In your garden

In your garden

When you think about saving water outside your home, it's easy to think just about your garden. Yet there are other opportunities, such as paved areas, washing cars, your pool or spa.

Another way you can make a valuable contribution to improving South Australia’s sustainability is through rainwater collection. SA Health has some handy facts on the collection of rainwater for drinking purposes.

Planning your garden

Whether you’re establishing a new garden, revitalising a neglected one or adapting an existing one, it’s important to think about what you want your garden to achieve and how you can make it water efficient.

Here are three tips to set you on a path to success.

  1. Zoning: Placing plants with similar watering needs together is an efficient way to manage your watering. If you water your whole garden evenly, you’ll always be watering to the area of greatest need. By placing higher water use plants near the house, you can also help keep your home cooler
  2. Place based plants. It makes ecological and environmental sense to consider local species when designing your garden. Talk to your local nursery to find out which plants best suit your local rainfall and soil conditions. For plant specific information contact your local nursery or visit the Nurseries SA website
  3. Smart watering: With cool winters and long warm summers, as well as increasingly unpredictable rainfall patterns, your garden requires an adaptable water management plan. Irrigation systems are the best way to deliver the right amount of water to each area of your garden. Many gardeners automate their irrigation systems during the summer months and while this helps you remember to water – it’s not the most efficient way to use it. Instead, keep your irrigation system adaptable, so you can account for natural rainfall.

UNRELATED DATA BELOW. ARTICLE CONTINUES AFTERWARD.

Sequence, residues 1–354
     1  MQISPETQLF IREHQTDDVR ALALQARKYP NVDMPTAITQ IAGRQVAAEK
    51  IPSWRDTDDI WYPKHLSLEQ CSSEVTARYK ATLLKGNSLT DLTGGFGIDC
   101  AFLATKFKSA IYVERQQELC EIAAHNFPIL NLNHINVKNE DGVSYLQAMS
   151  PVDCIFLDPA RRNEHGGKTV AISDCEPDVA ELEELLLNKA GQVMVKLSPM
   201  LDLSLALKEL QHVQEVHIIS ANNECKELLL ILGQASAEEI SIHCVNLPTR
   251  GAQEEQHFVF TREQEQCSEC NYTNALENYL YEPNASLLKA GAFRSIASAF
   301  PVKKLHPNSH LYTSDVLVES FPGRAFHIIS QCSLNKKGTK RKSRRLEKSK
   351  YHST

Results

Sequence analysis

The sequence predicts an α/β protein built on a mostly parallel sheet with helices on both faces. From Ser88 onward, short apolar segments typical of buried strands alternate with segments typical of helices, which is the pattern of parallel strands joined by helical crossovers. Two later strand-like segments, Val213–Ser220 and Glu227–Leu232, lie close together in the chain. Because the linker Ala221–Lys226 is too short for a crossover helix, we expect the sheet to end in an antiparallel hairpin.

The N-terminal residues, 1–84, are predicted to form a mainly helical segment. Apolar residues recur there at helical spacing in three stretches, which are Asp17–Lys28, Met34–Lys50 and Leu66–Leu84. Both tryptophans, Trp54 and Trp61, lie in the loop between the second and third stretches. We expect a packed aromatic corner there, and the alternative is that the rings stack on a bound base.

Maintaining a healthy garden

Thriving gardens create value in our lives by keeping our homes cooler, reducing our energy bills, increasing our property’s financial value, and improving our overall wellbeing.

By adopting water efficient techniques, essential in our dry South Australian climate, you can create, maintain and enjoy a green, healthy garden all year round.

Here are few tips to help you create your water efficient garden – no matter how big or small.

Maintaining your garden over summer

There are some simple ways you can maintain a healthy green space over summer while remaining water efficient:

  1. Mulching your garden prevents excessive evaporation, keeping your soil moist and your plants watered. Ground covering plants can also provide excellent soil protection
  2. Shade trees not only keep your garden cooler, they provide protection from the sun for smaller plants, and reduce moisture loss in your soil
  3. By keeping an eye on the weather forecast, you can prepare your garden for heatwaves. Giving your lawn and garden a good soak two days before extreme heat will provide the moisture your garden needs to survive
  4. Don’t let your lawn die during summer. While many people let their lawns die during the summer, a healthy lawn is the best way to keep your garden and home cool. If you water in the evenings or early morning, the water won’t be lost to evaporation. (Interesting fact: In the sun, a dry, barren garden can be as hot as a bitumen road – artificial grass can be just as hot!)